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Introducing the Checks API, a better way to connect integrations and code

Introducing the Checks API—a better way to get feedback from integrations on your code.

Introducing the Checks API, a better way to connect integrations and code

Over 600,000 repositories received statuses in January 2018 alone—more than a 50 percent increase from last year—and now statuses will provide you with more information than ever. Today we’re introducing the public beta release of the Checks API, a better way to get feedback from integrations on your code. The Checks API allows you to build sophisticated tools for continuous integration (CI), linting, and acceptance testing on GitHub. This new functionality currently works with the GitHub REST API, with GraphQL support coming soon.

What’s new

Instead of pass/fail build statuses, your integrations can now report richer results, annotate code with detailed information, and kick off reruns—all within the GitHub user interface.

a screenshot of the Checks user interface

Build outputs are now accessible with the new “Checks” tab on pull requests. Inline annotations are simple to find, too. They’ll appear right alongside the relevant code in the pull request, so you can identify and address failing checks even faster.

Learn more about the Checks API

Over the last several weeks, we’ve worked closely with partners on fine-tuning the Checks experience—and we’re excited to share several apps already using the API.

Microsoft Visual Studio App Center and Outlook integration

Microsoft maintains hundreds of open source projects on GitHub, including Visual Studio Code, which had the most community participants among any project last year, and TypeScript, one of the fastest growing languages in 2017. Now we’re partnering with Microsoft to integrate Azure’s DevOps services with GitHub, starting with Azure’s Mobile CI service. GitHub will detect mobile projects and suggest developers set up mobile CI using any one of our providers, including App Center.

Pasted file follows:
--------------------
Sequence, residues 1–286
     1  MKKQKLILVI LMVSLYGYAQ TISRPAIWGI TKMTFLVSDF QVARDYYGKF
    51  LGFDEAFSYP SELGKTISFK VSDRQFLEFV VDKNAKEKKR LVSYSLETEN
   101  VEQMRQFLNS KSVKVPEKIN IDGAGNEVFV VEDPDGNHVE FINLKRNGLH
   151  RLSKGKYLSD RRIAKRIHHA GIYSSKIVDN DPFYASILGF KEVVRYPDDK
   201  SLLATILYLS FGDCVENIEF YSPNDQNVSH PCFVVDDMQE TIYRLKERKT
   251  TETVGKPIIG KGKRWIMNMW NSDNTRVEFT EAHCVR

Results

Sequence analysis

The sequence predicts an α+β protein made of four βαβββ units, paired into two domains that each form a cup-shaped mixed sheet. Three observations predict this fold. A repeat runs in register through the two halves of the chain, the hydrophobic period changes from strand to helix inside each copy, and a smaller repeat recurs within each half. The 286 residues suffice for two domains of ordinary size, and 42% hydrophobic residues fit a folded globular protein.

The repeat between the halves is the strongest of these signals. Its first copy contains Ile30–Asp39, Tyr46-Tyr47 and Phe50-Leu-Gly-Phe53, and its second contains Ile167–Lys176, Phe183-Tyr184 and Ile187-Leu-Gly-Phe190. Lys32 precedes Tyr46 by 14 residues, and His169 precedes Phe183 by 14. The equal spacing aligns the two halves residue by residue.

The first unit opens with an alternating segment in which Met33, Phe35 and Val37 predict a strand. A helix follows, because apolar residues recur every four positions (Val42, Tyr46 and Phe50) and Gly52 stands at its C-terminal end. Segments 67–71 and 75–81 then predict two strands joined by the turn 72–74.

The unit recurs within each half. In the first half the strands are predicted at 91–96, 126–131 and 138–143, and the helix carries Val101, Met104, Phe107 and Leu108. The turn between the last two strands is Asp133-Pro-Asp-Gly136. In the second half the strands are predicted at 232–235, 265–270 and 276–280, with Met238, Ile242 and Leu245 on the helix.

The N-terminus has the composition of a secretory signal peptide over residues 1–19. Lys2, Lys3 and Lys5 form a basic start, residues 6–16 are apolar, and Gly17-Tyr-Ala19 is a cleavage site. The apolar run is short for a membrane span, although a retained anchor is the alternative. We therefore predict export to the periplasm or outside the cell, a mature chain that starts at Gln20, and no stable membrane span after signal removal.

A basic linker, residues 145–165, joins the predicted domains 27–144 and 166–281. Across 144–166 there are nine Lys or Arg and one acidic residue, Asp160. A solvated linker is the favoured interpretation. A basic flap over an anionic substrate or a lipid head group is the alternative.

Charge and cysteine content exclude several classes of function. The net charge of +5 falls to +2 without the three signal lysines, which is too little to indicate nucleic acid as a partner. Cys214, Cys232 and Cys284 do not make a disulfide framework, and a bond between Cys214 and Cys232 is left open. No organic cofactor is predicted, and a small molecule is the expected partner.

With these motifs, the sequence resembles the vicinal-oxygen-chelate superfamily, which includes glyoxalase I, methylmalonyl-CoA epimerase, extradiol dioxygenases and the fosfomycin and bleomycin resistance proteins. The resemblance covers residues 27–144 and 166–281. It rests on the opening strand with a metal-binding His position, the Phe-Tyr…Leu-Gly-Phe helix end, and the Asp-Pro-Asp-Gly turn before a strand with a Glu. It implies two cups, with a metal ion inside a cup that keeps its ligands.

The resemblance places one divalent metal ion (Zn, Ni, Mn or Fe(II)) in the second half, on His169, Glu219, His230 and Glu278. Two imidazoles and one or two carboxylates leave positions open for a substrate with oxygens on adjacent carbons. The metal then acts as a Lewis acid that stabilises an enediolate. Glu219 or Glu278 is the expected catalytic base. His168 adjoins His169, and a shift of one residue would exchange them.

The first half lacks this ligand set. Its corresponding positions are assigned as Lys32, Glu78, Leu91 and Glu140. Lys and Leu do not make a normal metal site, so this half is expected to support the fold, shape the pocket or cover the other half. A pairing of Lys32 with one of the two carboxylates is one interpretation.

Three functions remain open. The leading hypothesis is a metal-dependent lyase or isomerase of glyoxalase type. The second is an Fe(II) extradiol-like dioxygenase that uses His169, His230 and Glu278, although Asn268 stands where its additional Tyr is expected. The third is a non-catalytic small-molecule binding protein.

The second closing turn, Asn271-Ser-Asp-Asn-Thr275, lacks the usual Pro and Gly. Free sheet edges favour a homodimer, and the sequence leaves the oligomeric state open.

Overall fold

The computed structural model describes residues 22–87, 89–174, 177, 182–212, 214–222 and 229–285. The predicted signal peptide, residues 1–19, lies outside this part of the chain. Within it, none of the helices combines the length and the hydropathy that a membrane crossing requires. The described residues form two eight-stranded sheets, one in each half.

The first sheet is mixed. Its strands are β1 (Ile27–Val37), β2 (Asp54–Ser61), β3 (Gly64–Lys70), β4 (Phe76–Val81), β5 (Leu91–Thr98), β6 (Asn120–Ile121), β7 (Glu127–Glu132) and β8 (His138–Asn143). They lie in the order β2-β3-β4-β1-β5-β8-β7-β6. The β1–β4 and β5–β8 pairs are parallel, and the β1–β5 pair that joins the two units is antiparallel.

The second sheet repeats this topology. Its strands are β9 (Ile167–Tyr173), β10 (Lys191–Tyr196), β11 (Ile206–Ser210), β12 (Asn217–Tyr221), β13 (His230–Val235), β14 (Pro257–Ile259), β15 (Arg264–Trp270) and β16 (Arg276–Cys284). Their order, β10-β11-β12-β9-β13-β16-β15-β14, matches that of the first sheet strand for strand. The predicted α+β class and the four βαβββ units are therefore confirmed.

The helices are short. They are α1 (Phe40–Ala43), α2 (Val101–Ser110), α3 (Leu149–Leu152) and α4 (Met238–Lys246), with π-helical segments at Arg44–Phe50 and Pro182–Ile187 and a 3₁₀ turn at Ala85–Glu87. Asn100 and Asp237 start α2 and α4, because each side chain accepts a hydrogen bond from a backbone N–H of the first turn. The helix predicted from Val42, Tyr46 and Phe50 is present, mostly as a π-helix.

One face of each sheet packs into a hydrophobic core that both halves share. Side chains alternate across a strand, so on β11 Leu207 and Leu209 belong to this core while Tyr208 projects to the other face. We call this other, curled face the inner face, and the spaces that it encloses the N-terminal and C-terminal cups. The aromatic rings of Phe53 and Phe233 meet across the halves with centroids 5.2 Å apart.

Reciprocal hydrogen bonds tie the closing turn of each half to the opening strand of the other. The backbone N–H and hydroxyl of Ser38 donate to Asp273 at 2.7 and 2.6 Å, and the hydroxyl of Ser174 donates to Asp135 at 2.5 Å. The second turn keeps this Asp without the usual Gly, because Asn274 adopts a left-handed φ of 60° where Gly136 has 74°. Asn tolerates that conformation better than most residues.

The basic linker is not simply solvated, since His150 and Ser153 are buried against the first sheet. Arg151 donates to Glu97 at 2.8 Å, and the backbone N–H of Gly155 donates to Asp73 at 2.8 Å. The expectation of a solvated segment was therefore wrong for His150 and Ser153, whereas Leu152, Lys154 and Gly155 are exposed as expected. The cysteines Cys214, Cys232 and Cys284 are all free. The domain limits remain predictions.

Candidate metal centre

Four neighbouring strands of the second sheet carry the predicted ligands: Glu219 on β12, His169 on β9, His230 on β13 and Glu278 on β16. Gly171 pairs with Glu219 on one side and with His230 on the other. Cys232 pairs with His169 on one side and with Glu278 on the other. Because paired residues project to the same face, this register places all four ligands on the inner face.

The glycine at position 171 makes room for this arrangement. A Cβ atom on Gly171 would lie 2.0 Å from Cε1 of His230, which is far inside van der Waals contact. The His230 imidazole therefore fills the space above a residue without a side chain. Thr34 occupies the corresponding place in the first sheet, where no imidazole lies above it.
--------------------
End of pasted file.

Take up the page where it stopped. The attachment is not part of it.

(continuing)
With App Center installed, you can automate builds on every commit, test apps on real devices in the cloud, and monitor usage with crash and analytics data. And because the App Center integration uses the Checks API, mobile developers will be able to see the results directly within GitHub’s interface.

Screenshot of App Center integration

To provide you with simple, streamlined experiences for tools you already use, we’re also integrating GitHub with Microsoft Outlook using Adaptive Cards. Over the next several weeks, Outlook users will be able to comment on issues from their inbox—and soon after, be able to merge pull requests, too.

Screenshot of Outlook integration

Travis CI integration

As a leading provider of hosted CI, Travis CI has been helping build and test open source and private projects for more than seven years. Travis CI recently adopted GitHub Apps and now includes Checks as a way for your team to share the results of your project’s branch and pull request builds. View your build’s stages, jobs, and results, including the config associated with them to get a complete picture of the health of your projects directly from GitHub. You can also rerun builds from within the GitHub Checks UI.

Learn more about Travis CI integration with the Checks API

CircleCI integration

Speed up your test and development cycle without extra maintenance. Follow your GitHub project from CircleCI, and set up your first build in no time thanks to CircleCI’s automatically generated build and test steps and simple extensibility. Checks API compatibility with CircleCI is on the way.

Today’s announcement is just the start. We’ll continue shipping new ways for you to make the most of GitHub and build useful, powerful tools that work seamlessly with our platform. With easy access to an open ecosystem of applications, you can create fast and flexible workflows that help you focus on what matters most.

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